As with pretty much every televised performance, I harbored some skepticism regarding the authenticity of the performance.  These days it seems that nobody is really above lip-syncing, and it’s not really looked down upon either.  But any doubts I had were stripped away when 21 Savage stepped out of the darkness and came in gloriously out of key.  The crowd lost its mind anyway; in an age when the industry has music down to a science, such a dash of authenticity is welcome, even if it is technically incorrect.  The two rappers circled each other trading bars, reveling in the song’s lotus-eating ignorance.

As the song came to an end, the smaller stage gave way to a bigger one.  Post picked up a diamond studded telecaster and yelled, “ladies and gentlemen, it’s Aerosmith.”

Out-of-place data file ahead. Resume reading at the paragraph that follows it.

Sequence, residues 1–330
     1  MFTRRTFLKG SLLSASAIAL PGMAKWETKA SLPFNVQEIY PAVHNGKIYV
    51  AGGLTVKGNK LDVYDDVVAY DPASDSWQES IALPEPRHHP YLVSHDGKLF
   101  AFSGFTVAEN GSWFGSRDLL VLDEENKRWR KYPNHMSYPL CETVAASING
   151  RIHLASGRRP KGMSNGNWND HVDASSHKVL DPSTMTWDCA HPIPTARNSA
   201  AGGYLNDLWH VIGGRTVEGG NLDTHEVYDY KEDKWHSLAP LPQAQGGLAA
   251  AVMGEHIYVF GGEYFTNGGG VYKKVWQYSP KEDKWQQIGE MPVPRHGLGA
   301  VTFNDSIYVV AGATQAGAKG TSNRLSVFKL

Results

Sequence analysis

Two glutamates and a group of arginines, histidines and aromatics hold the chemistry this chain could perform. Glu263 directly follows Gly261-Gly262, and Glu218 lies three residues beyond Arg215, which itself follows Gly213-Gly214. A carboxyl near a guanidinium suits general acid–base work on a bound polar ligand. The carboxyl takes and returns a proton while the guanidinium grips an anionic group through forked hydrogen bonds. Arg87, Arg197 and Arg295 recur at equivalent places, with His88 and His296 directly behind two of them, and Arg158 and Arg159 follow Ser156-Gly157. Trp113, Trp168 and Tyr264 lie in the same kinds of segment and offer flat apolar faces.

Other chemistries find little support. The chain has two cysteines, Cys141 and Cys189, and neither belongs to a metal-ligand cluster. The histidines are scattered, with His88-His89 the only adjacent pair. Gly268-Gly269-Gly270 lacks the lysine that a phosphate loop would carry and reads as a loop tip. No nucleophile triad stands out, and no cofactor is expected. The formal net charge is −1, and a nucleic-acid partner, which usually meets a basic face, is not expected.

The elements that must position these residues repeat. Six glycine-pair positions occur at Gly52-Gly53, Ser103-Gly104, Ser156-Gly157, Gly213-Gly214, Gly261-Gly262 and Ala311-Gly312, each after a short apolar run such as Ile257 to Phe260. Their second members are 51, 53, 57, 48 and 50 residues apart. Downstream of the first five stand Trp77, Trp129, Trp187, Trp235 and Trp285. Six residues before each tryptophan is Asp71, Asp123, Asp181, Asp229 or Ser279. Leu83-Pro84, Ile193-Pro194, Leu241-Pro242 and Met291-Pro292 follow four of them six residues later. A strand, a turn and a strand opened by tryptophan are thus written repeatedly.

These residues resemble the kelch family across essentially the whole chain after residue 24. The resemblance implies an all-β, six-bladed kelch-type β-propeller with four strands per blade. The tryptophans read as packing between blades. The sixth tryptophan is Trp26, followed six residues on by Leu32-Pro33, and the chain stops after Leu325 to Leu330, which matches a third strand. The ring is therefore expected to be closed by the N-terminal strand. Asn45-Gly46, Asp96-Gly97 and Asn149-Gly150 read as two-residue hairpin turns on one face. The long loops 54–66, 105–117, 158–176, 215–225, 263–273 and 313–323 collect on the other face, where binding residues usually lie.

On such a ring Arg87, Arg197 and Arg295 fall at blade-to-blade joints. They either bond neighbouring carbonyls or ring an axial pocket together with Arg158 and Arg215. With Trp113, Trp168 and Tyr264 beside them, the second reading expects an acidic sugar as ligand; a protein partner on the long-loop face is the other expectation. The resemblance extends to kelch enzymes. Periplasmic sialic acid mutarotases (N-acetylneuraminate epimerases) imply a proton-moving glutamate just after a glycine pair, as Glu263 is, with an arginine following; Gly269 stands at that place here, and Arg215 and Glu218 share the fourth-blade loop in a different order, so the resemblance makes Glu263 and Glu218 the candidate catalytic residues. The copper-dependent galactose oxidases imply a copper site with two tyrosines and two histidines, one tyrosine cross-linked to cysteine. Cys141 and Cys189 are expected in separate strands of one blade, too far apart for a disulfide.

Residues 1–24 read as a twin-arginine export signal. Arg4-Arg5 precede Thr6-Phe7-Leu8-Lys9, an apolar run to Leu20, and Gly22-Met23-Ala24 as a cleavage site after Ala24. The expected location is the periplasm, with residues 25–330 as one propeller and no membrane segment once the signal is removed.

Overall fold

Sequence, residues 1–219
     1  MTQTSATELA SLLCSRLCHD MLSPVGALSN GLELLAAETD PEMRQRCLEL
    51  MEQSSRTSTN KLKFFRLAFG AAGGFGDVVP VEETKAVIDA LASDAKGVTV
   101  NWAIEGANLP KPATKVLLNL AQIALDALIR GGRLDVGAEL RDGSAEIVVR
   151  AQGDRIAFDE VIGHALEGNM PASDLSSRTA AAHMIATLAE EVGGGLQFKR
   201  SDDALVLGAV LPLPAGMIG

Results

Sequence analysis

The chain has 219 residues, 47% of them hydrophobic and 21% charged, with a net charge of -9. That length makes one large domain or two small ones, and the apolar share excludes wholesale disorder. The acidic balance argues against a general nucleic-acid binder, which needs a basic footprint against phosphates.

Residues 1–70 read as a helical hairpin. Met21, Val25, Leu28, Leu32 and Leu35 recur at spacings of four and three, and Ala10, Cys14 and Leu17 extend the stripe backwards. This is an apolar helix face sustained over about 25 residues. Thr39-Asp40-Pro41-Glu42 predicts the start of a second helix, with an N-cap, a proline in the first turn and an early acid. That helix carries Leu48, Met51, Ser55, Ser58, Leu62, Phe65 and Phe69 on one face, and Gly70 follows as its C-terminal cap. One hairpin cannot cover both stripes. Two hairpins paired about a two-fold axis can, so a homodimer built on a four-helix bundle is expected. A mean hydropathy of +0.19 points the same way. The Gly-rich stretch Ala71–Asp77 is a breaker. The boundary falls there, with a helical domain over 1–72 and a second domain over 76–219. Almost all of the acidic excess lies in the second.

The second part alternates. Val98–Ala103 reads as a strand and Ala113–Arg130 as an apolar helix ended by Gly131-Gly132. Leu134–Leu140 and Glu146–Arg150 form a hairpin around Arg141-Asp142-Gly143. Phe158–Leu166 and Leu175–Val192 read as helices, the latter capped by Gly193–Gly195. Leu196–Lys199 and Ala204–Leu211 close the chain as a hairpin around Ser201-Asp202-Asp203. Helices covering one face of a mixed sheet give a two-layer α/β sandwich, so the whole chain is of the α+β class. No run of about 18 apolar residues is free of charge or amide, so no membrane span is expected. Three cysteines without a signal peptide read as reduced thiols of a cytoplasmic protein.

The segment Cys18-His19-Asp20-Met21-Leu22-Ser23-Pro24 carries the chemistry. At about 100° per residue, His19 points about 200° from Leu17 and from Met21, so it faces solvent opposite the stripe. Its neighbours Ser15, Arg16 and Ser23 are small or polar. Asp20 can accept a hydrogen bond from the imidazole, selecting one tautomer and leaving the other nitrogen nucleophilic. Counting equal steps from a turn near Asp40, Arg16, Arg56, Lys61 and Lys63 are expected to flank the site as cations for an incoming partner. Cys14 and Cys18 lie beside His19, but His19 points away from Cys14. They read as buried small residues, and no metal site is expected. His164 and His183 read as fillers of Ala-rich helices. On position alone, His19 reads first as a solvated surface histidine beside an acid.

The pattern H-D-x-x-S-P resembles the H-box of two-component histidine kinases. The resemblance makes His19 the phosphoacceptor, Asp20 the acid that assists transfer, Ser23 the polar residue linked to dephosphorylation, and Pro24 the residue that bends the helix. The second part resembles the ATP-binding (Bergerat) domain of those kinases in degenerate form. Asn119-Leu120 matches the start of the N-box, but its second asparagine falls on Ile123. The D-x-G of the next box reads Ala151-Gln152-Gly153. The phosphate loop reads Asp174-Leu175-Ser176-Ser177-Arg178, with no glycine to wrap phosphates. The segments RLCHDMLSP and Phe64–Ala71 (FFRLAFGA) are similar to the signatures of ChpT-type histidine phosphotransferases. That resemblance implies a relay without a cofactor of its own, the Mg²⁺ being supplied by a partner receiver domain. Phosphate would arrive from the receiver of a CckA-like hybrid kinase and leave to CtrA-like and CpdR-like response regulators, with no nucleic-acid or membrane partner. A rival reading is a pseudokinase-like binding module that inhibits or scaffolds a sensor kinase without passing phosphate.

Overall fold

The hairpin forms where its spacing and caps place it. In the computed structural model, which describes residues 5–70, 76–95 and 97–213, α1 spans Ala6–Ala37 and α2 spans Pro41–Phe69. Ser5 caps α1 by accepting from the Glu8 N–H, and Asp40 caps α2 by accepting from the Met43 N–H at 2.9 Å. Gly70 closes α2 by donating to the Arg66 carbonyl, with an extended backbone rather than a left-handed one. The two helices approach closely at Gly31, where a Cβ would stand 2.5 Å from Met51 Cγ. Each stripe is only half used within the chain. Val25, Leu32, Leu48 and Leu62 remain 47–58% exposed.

It was.  Though years of living the exact lifestyle described in the previous song have clearly taken their toll on the band, they still showed an energy that most musicians today aren’t really capable of.  As they closed out an abbreviated version of “Dream On” I felt kind of annoyed.  It seems this is what pop music always does — uses a watered down version of a legendary act, for all the wrong reasons.

Then Joey Kramer launched into another song, “Toys in the Attic”.  Not Aerosmith’s most obscure song, but still a deep cut by 2018 standards.  For rockers going on four decades they held their own.  Steven Tyler still managed to sound decent, Joe Perry destroyed an amp, and Post Malone barely did anything besides play along.  The song ended with Perry, Tyler, and Malone singing into the same microphone: “Toys, Toys, Toys, IN THE ATTIC!”  One of hip-hop’s biggest names and music’s most promising talents, Post Malone, it would seem, was just happy to be part of the band.